The term ‘Japanese Toilet’ could mean two completely polar things. The first is a traditional Washiki ‘squat toilet’. The second is the hi-tech bidet with all its electronic features. Washiki can be flush or non-flush. In the latter, waste goes down a hole into the ground or septic tank.
Studies suggest it’s a more natural way to relieve yourself. The deep squat molds your lower internal organs into better positions. This makes toilet time faster while reducing hemorrhoids and soothing constipation. Here are a few more things you need to know about Japanese toilets.
1. You may still need toilet paper
Bidets are often marketed as an alternative to the regular flushing toilet. Because you rinse instead of wiping, you can save the trees! But you also know not all Number 2s are the same. Sometimes, you can’t rinse it all off, not even with new toilet technology and hot water.
Because most bidets have a flushing feature, it’s still safe to toss toilet paper down the bowl. So before turning on the hot nozzle, give yourself a quick wipe or two. Then you can finish the job with a deep-rinse bidet for front and back. If your toilet has a derrière drier, even better.
2. They can recycle water
Even if you have a small bladder and regular bowels, your bidet rinsing nozzle won’t get anywhere near 20 gallons, or even ten. And we’re not counting flush-water here, because both manual toilets and Japanese bidets use water closets, and both have water-conserving versions.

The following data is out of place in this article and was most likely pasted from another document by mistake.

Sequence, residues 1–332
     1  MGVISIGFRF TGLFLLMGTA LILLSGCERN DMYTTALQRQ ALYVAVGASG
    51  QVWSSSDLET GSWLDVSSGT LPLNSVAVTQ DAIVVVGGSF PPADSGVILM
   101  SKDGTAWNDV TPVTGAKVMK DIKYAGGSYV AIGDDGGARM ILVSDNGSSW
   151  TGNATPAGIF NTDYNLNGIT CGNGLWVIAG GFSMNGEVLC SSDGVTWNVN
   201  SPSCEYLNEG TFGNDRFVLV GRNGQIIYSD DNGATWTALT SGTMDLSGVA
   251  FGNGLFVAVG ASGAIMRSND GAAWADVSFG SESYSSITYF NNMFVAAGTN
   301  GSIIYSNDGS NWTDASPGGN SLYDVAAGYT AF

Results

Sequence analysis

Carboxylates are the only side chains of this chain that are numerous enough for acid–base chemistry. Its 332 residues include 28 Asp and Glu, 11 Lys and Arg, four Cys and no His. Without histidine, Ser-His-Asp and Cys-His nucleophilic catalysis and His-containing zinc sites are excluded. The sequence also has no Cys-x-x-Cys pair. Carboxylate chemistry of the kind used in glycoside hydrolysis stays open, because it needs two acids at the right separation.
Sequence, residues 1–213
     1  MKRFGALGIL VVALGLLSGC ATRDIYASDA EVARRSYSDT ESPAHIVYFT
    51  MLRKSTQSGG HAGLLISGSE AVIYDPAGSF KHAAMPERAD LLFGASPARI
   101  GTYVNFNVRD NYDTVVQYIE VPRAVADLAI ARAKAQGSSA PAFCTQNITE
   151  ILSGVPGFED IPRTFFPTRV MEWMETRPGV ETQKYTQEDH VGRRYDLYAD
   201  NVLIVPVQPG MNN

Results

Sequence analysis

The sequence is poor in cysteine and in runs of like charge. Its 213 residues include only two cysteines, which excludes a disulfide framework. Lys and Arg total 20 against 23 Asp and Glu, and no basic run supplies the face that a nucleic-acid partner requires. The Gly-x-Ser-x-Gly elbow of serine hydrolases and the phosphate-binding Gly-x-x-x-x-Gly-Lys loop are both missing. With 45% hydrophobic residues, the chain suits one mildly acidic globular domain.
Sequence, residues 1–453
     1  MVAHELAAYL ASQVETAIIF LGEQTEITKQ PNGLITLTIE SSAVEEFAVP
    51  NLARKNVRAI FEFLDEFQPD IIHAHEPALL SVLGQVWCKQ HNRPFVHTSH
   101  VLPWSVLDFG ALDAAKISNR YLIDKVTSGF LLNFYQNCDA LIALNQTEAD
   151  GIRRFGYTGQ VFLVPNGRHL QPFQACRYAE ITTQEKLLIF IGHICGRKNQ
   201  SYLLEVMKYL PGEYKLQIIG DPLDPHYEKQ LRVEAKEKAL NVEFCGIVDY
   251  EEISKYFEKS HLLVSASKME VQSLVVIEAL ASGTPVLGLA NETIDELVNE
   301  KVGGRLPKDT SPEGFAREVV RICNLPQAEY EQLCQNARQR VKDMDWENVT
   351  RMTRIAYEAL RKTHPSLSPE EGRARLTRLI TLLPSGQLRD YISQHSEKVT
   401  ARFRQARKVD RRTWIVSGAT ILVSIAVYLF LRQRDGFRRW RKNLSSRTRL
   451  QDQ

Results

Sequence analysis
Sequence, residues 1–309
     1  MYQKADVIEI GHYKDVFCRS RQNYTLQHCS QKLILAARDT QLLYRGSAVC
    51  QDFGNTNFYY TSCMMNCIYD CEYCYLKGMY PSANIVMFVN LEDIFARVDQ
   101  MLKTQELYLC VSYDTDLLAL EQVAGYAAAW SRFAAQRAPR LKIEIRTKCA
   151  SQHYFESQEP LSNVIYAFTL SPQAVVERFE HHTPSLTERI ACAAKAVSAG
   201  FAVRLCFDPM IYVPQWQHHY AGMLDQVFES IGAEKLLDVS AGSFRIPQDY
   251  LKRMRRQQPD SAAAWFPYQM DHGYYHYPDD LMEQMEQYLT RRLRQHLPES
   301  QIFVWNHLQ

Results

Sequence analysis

These dual-flush options using less than a gallon per flush. Other models have a sink fitted into the cistern or toilet tank. It’s a good compact toilet for small space. It allows more legroom than a free-standing sink, and gray water from hand-washing is repurposed for flushing.
3. Many models are ‘winterized’
One of the most frustrating things in the world getting out of warm undies and onto a cold toilet seat. Luckily, Japanese toilet seats are often warmed. Some allow you to select water temperature as well so that your flush-water and nozzle-rinse water feel nicer on your skin.
Toilet seats are coldest at night, so seat warmers are amazing for that midnight bathroom break. Some bidets include an automated under-seat nightlight. Meaning you don’t have to switch on the main light or feel the chill of upsetting seats, so you can quickly finish and fall back asleep.
4. You can turn almost any toilet into a bidet
Bidets ordinarily cost thousands of dollars to import and install. And with all those smart features, they’ll raise your utility bills. But many contemporary commodes can turn Japanese at a fraction of the cost. Just buy a bidet toilet seat with all its installation hardware included.
Some are DIY while others may need a plumber and electrician to set them up. Before you buy, make sure your current model fully is compatible. Measure your toilet too, especially seat diameter and bolt thread. Also, be sure you can afford the addition to your utility costs.
5. They save water
The assumption is Japanese toilets are water guzzlers. With all those nozzles and power flush features, they’d have to be. But – in comparison – it takes more water to manufacture a toilet roll (37 gallons) than to rinse off twice a day with a bidet. Even if the toilet paper pulp is recycled.